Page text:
Explainer: Equal bathroom rights in Canada

KPU, SFU, and UBC are just some of the universities that have gender-neutral, all-inclusive bathrooms for students and staff

(Kristen Frier)

Transgender people are publicly banned in the United States from using the bathroom that matches their gender identity. In Canada, there are some regional considerations for those individuals to use the bathroom they choose, as well as gender-neutral bathrooms available in some schools and some province and city-owned buildings.

In 2016, Bill C-16 was introduced by Federal Minister of Justice Jody Wilson-Raybould. The bill amended the Canadian Human Rights Act to include gender expression and gender identity as protected grounds and to target “hate propaganda” as described in the Criminal Code.

This includes promoting genocide and inciting hatred “against any identifiable group where this is likely to result in a breach of the peace.” The bill received royal assent on June 19, 2017, going into effect immediately.

Michael Bach, CEO of the Canadian Centre for Diversity and Inclusion, told Global News that implementing Bill C-16 also means that public facilities should conform to and accommodate the LGBTQ2S+ community. One example of this is providing gender-neutral bathrooms.

“The best practice would be don’t bother with urinals. Have stalls that have floor to ceiling walls and doors so that people can’t look in. A private space with locks, they do their business, and come out to wash their hands and it’s no big deal,” Bach said.

KPU was ahead of the game in creating gender-neutral bathrooms. In 2015 the university converted nine men’s and women’s washrooms in busy areas at each campus to “gender inclusive, wheelchair-accessible facilities.” There are also individual bathrooms on each floor of the Civic Plaza campus.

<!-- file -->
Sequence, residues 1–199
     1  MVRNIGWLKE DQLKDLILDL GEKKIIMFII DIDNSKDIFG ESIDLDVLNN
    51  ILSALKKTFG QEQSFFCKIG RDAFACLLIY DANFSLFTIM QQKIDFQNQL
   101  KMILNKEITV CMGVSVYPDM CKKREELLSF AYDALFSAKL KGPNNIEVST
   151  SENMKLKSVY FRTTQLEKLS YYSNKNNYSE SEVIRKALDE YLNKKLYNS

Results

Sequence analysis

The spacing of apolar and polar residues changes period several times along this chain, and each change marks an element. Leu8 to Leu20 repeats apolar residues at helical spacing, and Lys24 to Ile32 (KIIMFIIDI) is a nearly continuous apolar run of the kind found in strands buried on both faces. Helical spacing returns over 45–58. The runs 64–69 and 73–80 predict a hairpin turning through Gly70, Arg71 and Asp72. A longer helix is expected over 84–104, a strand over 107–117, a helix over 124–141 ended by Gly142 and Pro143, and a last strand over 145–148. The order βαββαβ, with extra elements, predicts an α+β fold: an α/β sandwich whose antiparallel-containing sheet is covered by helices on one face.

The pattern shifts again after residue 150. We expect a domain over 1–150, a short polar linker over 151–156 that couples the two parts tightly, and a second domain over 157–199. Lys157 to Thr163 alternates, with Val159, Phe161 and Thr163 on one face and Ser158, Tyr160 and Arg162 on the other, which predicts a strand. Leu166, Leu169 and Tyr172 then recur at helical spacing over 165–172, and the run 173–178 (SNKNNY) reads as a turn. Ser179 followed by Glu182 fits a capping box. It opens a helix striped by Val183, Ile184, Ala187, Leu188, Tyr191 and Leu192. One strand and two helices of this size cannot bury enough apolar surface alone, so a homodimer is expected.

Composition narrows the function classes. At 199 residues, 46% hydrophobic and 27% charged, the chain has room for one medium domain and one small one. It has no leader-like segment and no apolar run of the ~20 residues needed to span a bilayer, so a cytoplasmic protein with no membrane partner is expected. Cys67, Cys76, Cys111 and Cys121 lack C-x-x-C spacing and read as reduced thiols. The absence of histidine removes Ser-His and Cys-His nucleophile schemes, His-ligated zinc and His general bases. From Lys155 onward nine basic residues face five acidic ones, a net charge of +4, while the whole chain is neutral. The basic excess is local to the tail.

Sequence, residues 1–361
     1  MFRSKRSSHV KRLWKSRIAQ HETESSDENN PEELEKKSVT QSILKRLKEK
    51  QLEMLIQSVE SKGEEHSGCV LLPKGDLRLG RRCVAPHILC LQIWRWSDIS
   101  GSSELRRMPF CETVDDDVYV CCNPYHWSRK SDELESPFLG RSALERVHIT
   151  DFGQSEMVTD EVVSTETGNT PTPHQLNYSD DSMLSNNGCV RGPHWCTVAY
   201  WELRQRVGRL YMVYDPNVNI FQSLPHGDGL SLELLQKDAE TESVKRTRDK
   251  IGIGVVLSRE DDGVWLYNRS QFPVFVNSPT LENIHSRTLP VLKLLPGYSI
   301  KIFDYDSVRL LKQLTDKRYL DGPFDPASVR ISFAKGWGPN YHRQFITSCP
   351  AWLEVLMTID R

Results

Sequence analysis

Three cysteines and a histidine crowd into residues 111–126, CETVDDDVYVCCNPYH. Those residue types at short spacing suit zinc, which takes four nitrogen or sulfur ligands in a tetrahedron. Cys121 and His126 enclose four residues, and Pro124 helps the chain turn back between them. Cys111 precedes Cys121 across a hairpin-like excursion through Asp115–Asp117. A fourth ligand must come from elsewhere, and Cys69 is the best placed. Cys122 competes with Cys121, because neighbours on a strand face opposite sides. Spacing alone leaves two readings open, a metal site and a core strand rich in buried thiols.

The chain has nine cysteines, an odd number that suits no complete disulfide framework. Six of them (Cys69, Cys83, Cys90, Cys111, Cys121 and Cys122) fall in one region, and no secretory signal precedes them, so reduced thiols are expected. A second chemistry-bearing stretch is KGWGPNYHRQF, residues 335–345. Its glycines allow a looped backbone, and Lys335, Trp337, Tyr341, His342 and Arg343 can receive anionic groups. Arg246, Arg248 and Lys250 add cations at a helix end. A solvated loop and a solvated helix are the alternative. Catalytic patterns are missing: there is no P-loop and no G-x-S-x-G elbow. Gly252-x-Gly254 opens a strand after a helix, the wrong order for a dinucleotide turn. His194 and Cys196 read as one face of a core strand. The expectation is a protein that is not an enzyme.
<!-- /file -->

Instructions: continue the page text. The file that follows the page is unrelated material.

It was the members of the President’s Diversity and Equity Committee and Pride Kwantlen that pushed for this change.

The bathrooms were renovated to replace signage, modify sink and counter heights, and add grab bars, shelves, and hooks to each bathroom. Seven of the nine washrooms are single-stalls and the other two have multiple stalls.

Other universities like SFU and UBC also have gender-neutral washrooms on their campuses.

Before Bill C-16 was passed in Canada, many transgender and non-binary Canadians participated in the #WeJustNeedToPee hashtag. The movement consisted of transgender people across the U.S. and Canada, sharing selfies of themselves in single-sex bathrooms in protest.

Bill C-16 was the last of a lineage of previous bills — C-389, C-279, and C-204 — which were proposed by NDP MPs Randall Garrison and Bill Siksay. The Senate blocked two of the bills, and the final one never moved on from the first reading in the House.

These bills were referred to as “bathroom bills” by critics as they aimed to change federal laws to allow transgender individuals to use the public bathrooms that correspond to the gender they identify with.

A 23-year-old Canadian started the hashtag #PlettPutMeHere in response to Conservative Senator Don Plett, who introduced three amendments to Bill C-279 in 2015, one of which exempted public bathrooms and changerooms from the bill’s protections.

Since then, though making space for gender-neutral bathrooms is not required by law, many institutions and businesses across the country have been including them as a standard addition to their buildings.